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1American University, United States of America; 2Dark Matter Media, United States of America
In this article, we propose a new theoretical lens through which to explore the relationship between sociotechnical artifacts, the messages they convey, and the cultural meanings derived from them. This premise, which we entitle the "carrier wave principle," holds that there is no theoretical limit to the amount and variety of knowledge that may be derived from a given cultural artifact over time. This axiom can be understood as the result of changes in technological regimes and cultural modalities over time and space, and this has been true throughout history. However, continuing exponential growth in the power and ubiquity of computational processing have accelerated this process to the point where new modalities of knowledge production are now available within the course of a human lifetime. We located our analysis at the intersection of several fields of scholarship, including media studies, information science, cultural studies, science and technology studies, and critical data studies. We conclude with an exploration of the carrier wave principle’s real-world consequences and contexts, including implications for privacy, security, identity and subjectivity.
Internet Studies scholarship tends to focus on new and hegemonic digital media, overlooking persistent uses of “older”, non-proprietary protocols and applications by some social groups who are key to configuring the nexus between technology and society. In response, we examine the contemporary political significance of using “old” social media through the empirical case of Internet Relay Chat (IRC) use. We advance a critique of platforms (closed, centralised, hegemonic social media) that we contrast with co-constructed devices that deeply involve users in their technological design and social construction. As a contemporary but long used online chat protocol, IRC serves as an important source for the critique of the currently hegemonic — but increasingly distrusted — infrastructures of computer-mediated communication. Drawing on Boltanski and Chiapello’s theory of critique and recuperation, we contrast the uses and underlying social norms of IRC with those of currently mainstream social media platforms. We claim that certain technical limitations that actors of IRC development did not feel necessary to address have kept it from incorporation into regimes of capital accumulation and social control, but also hindered its mass adoption. Ultimately, IRC continues to serve social groups key to the collaborative production of software, hardware and politics. While the general history of digital innovations illustrates the logic of critique and recuperation, our case study highlights the possibilities and pitfalls of resistance to it.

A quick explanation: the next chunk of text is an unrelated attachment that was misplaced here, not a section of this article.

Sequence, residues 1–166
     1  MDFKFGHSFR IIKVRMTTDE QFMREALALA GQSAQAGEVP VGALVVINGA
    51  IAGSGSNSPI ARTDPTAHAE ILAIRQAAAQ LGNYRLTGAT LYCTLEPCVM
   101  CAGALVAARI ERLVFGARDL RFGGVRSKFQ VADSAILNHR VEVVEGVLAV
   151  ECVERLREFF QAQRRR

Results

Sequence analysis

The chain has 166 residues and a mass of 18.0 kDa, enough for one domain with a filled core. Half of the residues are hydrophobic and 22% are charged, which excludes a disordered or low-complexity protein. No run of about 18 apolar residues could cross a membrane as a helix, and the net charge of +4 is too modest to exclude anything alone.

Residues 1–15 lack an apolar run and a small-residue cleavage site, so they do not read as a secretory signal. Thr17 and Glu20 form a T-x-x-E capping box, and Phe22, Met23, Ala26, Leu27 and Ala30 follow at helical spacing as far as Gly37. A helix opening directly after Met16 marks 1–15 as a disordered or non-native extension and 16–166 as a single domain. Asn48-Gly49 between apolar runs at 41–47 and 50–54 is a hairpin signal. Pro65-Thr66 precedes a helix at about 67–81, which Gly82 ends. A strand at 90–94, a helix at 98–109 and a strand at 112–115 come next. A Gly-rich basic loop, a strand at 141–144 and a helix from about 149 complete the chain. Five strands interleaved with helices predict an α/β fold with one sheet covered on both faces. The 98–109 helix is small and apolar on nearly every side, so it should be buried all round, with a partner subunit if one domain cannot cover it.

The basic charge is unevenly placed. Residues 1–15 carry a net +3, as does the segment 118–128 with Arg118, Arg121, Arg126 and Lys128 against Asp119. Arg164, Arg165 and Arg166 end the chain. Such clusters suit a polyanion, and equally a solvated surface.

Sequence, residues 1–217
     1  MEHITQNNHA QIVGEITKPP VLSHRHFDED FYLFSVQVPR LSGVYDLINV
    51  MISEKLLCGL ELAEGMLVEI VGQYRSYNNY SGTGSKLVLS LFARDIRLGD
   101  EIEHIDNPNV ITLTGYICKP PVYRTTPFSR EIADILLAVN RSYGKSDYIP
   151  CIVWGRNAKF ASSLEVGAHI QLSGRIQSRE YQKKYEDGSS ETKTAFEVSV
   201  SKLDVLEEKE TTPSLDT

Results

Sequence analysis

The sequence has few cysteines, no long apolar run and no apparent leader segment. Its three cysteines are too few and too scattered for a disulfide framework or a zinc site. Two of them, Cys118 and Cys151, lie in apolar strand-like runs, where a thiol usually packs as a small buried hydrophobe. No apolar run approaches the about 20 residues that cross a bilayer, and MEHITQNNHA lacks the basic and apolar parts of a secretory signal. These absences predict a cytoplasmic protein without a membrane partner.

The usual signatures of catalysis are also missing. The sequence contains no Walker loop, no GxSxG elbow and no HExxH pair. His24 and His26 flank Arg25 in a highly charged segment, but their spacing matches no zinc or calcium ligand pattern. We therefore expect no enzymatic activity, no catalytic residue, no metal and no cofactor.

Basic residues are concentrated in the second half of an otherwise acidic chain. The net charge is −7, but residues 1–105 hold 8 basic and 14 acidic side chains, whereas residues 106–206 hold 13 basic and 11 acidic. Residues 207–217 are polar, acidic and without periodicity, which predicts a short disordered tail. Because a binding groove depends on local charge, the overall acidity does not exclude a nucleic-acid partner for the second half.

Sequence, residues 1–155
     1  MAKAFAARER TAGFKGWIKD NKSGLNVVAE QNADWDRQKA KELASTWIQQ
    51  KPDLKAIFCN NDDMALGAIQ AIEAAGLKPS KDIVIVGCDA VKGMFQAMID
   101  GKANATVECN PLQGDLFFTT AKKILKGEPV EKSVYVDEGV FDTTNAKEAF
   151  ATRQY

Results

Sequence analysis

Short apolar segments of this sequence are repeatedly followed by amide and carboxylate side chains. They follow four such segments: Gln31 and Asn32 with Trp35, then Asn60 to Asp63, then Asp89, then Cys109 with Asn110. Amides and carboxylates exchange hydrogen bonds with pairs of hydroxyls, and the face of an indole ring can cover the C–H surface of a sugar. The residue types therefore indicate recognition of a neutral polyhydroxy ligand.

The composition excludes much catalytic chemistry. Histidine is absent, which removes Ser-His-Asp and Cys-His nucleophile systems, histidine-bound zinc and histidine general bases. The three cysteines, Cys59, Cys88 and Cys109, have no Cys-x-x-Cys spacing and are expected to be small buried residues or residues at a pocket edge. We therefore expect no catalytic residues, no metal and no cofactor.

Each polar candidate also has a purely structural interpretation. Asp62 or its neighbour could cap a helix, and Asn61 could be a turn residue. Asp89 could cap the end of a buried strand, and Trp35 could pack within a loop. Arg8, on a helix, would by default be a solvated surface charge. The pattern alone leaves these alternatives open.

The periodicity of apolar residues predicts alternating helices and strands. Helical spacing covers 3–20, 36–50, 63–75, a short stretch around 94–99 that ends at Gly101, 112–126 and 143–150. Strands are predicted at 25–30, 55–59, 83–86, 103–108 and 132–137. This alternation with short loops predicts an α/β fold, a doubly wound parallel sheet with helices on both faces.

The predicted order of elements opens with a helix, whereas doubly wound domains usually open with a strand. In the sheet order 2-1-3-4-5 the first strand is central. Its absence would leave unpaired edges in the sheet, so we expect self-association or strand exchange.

2:40pm - 3:00pm
A matter of trust: How the politicisation of Computer Security and Incident Response Teams affects the technical community
Leonie Maria Tanczer, Madeline Carr
University College London, United Kingdom
Computer Security and Incident Response Teams (CSIRTs) are coordination centres responsible for the management of security incidents. They are fundamental to the smooth functioning of the Internet and can be found within organisations, within sectors such as finance, or on the national, governmental or regional level. In order to effectively respond to security vulnerabilities, CSIRTs engage in international cooperation and information sharing processes. These practices require a substantial amount of personal and institutional trust, which allows the CSIRTs to cooperate even in the context of significant geopolitical tensions. Despite the important role they play in international information security, the global practices of this community have so far remained largely unexplored. This paper analyses interviews with 27 CSIRT representatives to better understand the unique coordination and collaboration challenges that this technical community faces – particularly in the face of intense political contestation over cybersecurity incidents. This examination contributes to the understanding of the institutional landscape of cybersecurity and highlights the importance of ensuring the independence and trust-base of such technical expert groups.
3:00pm - 3:20pm
‘Smart Wake Up’ and ‘Binaural Beats’: Sleep Apps and the Acoustic Modulation of Sleep-Wake Rhythms
bjorn nansen, christopher o'neill
University of Melbourne, Australia
Sleep has become a site of daily monitoring via internet technologies, including mobile applications and wearable devices, as part of a wider normalisation of internet economies and cultural practices of self-tracking and datafication. This article contributes to the critical analysis of datafied sleep by analysing features in the most popular sleep apps.
This analysis revealed a diverse range of functions for tracking and analysing sleep patterns, as well as features to promote relaxation and rest. In doing so, sleep apps remediate the monitoring technologies of the sleep science lab – polysomnography, actigraphy – to make claims for accuracy and efficacy. Yet, the analysis also revealed how sleep apps go beyond simply monitoring sleep patterns by directly intervening in sleep-wake rhythms through two key acoustic features: the ‘smart wake up’ alarm function, and the ‘binaural beats’ sound frequency function. We show how these features operate to organise transitions between waking and sleeping states by directly intervening in and modulating sleep-wake rhythms. In doing so, we argue that these functions draw on histories of both sleep science and acoustic media in attempts to optimise the rhythms associated with sleeping bodies.